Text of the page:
Ferrari Challenge

Posted on 22 April 2010 by Fahad Majidi

This will be the first time in really eight years that Ferrari has lent its name to an actual game title. Even though it will pretty much whore out the car likeness to just about anyone who happens to be releasing a racing game; Ferrari making ubiquitous appearances in everything from Gran Turismo to PGR. We know that you are thinking; if you’re not a lunatic Italian Ferrari fanboy. Why should you invest any excitement in a game where you’ll be limited to driving only one brand?

The point is, there’s no way getting around the branding, and System 3, as well as Ferrari itself, is doing everything in its power to crowbar that fact irrevocably into your cranium. This product’s marketing machine has almost taken the whole thing too far, though. For starters, F2 driver Bruno Senna, nephew of the late great Ayrton, has been roped in to test all of the cars and provide feedback on their handling characteristics, and drove the System 3 sponsored Ferrari F430 Challenge race car in its own Brazilian livery at Ferrari’s Racing Days Spectacular in June.

Massimo Fideli, the head of Ferrari UK is apparently “very excited”, and Mark Cale, CEO of System 3 has been a “valued customer” of Ferrari for over 20 years. Lucky him. Importantly though, none if this hype and back-slappage make a bit of difference in the end; all want to know is how the game actually plays. We’d like to point out that we have an almost unhealthy lust for racing games; some even going as for as to categories their own time into two distinct partitions: time spent playing a racing game, and time spent waiting for the next one to land on their desk.

Having been ushered into our F430 Challenge racing car, we were off. While being treated to an electric mix of Jazz, Nu Metal and various types of Electronica, some licensed, and some composed in-house, it was pretty clear from the start that on the simulation versus arcade swing-o-meter, Ferrari Challenge leans pretty heavily towards the former. Pretty clear, that is, from the moment we overshot the first corner and hit the barrier doing about…erm..we’re not sure; how fast to do you need to be going to need facial reconstructive surgery?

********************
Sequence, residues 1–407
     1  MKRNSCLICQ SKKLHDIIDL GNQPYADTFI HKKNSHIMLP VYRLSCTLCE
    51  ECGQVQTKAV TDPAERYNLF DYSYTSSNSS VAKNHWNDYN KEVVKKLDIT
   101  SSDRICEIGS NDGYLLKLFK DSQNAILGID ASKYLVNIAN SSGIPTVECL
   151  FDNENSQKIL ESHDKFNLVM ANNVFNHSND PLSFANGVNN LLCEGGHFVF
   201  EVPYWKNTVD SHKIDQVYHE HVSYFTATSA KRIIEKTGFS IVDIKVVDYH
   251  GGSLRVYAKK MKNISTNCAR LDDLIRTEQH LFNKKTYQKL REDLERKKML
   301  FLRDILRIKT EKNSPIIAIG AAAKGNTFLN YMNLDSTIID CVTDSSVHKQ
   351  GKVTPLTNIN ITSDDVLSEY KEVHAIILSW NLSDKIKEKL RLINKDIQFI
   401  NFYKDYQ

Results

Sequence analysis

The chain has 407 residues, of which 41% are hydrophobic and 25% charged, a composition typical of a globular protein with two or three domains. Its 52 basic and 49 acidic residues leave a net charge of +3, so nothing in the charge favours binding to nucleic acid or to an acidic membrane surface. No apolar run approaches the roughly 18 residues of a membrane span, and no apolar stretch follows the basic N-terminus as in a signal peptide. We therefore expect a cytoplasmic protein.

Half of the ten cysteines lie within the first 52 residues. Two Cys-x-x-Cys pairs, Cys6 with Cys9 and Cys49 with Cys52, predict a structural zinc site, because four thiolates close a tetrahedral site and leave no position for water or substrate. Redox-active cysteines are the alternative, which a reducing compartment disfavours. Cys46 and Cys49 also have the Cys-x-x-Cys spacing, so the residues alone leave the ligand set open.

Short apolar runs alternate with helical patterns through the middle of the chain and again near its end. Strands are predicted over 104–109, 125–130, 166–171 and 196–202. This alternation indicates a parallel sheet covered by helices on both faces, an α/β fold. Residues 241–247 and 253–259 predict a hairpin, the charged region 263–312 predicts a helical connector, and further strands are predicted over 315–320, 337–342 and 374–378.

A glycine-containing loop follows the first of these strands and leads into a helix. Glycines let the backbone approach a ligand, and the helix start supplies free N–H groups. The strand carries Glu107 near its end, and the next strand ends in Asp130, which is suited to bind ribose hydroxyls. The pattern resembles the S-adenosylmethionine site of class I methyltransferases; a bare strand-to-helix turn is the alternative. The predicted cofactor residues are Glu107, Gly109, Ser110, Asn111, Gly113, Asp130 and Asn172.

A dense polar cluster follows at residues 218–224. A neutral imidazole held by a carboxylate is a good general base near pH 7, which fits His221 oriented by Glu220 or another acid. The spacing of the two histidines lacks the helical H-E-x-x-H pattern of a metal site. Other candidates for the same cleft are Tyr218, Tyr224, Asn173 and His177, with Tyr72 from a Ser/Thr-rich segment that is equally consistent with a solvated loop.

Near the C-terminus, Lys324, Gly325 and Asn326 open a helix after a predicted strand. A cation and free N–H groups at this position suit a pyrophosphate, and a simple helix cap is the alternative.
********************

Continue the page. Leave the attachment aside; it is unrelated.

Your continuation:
We were assumed that there was still plenty of detail to be added to the tracks that we played (Monza and Silverstone), but even without whatever was missing from the tracks, the sensation of speed along with the handling mechanics were enough to manifest that inimitable driving feeling whereby you are essentially sitting on a razor-wire fence somewhere between hitting the brakes and shifting yourself.

Something else that cropped up from our crash was that there appears to be some damage modeling going on. Fish tailing our way back onto the track and switching to an out-of-car view showed us that we’d lost our bonnet and our wing mirrors – how careless. Given Ferrari’s past reticence to see its beloved cars damaged in a way, their comes as a nice change and although we were told at the time that it would, for the remainder of our hand-on time, have zero effect on the handling, there will be an option to have it do exactly that – good news for those of us who enjoy torturing ourselves with harder difficulty settings. That’s us.

We were also introduced to racing in the wet (at Silverstone, of course), which, as well as looking lovely, also has a noticeable effect on the handling physics of whichever car you’re driving at the time. Weirdly, it was actually a little less scary flying along in a downpour. Maybe because of our natural propensity to go slower in the wet? Either that or because the visibility had dropped to a level at which we could no longer see our oncoming death. What you can’t see hurt you.

The full game promises every Ferrari model since 1947, which to those who aren’t in the know is a lot Okay, we don’t know the exact number, but what we do know is that the game will have 30 Ferrari models and 13 tracks. The spin here is that the intervening time will be used to hone each model to perfection, but that doesn’t really wash and, even it it’s the truth, will still come across as a cynical marketing ploy to get more cash from the game’s fan. Shameless. Let’ hope the game turns out to be good enough to justify it.

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